In a dramatic expression of public anger at the growing foreclosure crisis Cook County Sheriff Thomas Dart yesterday refused to enforce foreclosures issued by big banks. Earlier in the week, the Bank of America and GMAC mortgage announced a resumption of proceedings against homeowners in 23 states.
"I can't possibly be expected to evict people from their homes when the banks themselves can't say for sure everything was done properly," Dart said in the statement according to CNBC.
In the recession of the 1980s, sheriffs like James Trafficant of Youngstown, Ohio, made national news when refusing to foreclose on unemployed steel workers, recognition that gained him a seat in Congress and later a federal jail cell for racketeering.
Big banks, in a rush to foreclose on as many homes as possible, urged mid-level bank officials to employ "robo-signing," which means putting signatures on hundreds of thousands of documents without bothering to read them.
Driven by the demand for maximum profits, banks, says the Washington Post, "penalized processors if they foreclosed too slowly. The firms that worked the quickest received bonuses from the banks that employed them and higher marks from credit-rating agencies. According to court papers filed in the many cases brought against the banks and the processors, some processing firms hired people essentially off the street to come in and sign documents."
Federal and state investigators are now looking into filing criminal charges against the banks for fraud as a movement grows for maintaining a national moratorium on foreclosures.
The White House, treading carefully, declined to support the moratorium demand after several leading Democrats in the House lent their names to the call. Officials however, took pains to indicate support for holding those responsible for possible financial fraud accountable. The New York Times writes, "Robert Gibbs, the White House press secretary, said that the administration was 'strongly supporting the investigation by the state attorneys general' while noting that the Federal Housing Administration and Financial Fraud Enforcement Task Force have undertaken their own investigation."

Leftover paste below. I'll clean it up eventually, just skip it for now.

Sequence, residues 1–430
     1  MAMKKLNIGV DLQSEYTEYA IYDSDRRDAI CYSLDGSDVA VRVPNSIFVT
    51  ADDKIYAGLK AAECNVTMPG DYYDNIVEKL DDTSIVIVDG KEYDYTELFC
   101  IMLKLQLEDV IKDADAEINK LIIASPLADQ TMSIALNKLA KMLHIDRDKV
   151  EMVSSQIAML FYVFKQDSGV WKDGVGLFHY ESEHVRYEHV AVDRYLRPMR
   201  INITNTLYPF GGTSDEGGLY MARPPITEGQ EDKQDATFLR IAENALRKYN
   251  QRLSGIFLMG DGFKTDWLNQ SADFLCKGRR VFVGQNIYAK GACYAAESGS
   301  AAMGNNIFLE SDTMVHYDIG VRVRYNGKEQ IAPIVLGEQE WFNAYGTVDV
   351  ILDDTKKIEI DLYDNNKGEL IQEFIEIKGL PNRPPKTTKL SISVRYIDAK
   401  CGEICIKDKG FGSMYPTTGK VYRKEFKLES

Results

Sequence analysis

A meeting of federal regulators on the crisis is being held at the White House today as worries about the impact of the crisis on the overall economy increase with some economists warning of another full-scale collapse.
Institutional Risk Analytic's Chris Whalen, at an American Enterprise Institute conference in early October warned of growing systemic risk. "The U.S. banking industry is entering a new period of crisis where operating costs are rising dramatically due to foreclosures and defaults. We are less than one quarter of the way through the foreclosure process," he argued.
"Rising operating costs in banks will be more significant than in past recessions and could force the U.S. government to restructure some large lenders as expenses overwhelm revenue. BAC, JPM, GMAC foreclosure moratoriums are only the start of the crisis that threatens the financial foundations of the entire U.S. political economy."
Growing public pressure to hold the banks accountable and rescue homeowners on one hand, and finance capital's need to maximize profits to maintain stability on the other, underlie the current contest of political wills.
Meanwhile the banks' managers will receive a four percent pay raise this year, totaling a whopping $144 billion.
Photo: In 2008 Cook County Sheriff Tom Dart stood with tenants of a foreclosed apartment building in Chicago when he announced he'd stop sending his deputies on court-ordered mortgage foreclosure evictions because many of those forced from their homes were renters who faithfully paid their rent. Al Podgorski, Chicago Sun-Times/AP